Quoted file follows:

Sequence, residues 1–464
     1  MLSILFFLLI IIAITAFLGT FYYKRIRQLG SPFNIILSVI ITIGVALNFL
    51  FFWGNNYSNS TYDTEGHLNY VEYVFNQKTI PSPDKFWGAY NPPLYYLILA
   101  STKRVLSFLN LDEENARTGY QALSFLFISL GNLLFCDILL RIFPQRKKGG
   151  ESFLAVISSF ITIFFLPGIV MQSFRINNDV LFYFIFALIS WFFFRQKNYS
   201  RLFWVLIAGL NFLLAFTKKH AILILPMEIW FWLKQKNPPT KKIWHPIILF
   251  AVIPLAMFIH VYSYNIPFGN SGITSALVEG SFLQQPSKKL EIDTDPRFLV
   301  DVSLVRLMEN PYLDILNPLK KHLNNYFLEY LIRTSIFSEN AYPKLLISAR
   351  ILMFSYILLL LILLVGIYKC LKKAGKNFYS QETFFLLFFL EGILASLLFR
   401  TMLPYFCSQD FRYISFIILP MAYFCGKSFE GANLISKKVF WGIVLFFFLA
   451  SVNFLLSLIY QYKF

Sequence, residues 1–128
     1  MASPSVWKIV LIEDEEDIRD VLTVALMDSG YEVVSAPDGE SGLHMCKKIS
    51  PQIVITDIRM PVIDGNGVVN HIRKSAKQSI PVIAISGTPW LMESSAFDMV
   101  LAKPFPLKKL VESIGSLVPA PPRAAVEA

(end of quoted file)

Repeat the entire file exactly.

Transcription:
Sequence, residues 1–464
     1  MLSILFFLLI IIAITAFLGT FYYKRIRQLG SPFNIILSVI ITIGVALNFL
    51  FFWGNNYSNS TYDTEGHLNY VEYVFNQKTI PSPDKFWGAY NPPLYYLILA
   101  STKRVLSFLN LDEENARTGY QALSFLFISL GNLLFCDILL RIFPQRKKGG
   151  ESFLAVISSF ITIFFLPGIV MQSFRINNDV LFYFIFALIS WFFFRQKNYS
   201  RLFWVLIAGL NFLLAFTKKH AILILPMEIW FWLKQKNPPT KKIWHPIILF
   251  AVIPLAMFIH VYSYNIPFGN SGITSALVEG SFLQQPSKKL EIDTDPRFLV
   301  DVSLVRLMEN PYLDILNPLK KHLNNYFLEY LIRTSIFSEN AYPKLLISAR
   351  ILMFSYILLL LILLVGIYKC LKKAGKNFYS QETFFLLFFL EGILASLLFR
   401  TMLPYFCSQD FRYISFIILP MAYFCGKSFE GANLISKKVF WGIVLFFFLA
   451  SVNFLLSLIY QYKF

Sequence, residues 1–128
     1  MASPSVWKIV LIEDEEDIRD VLTVALMDSG YEVVSAPDGE SGLHMCKKIS
    51  PQIVITDIRM PVIDGNGVVN HIRKSAKQSI PVIAISGTPW LMESSAFDMV
   101  LAKPFPLKKL VESIGSLVPA PPRAAVEA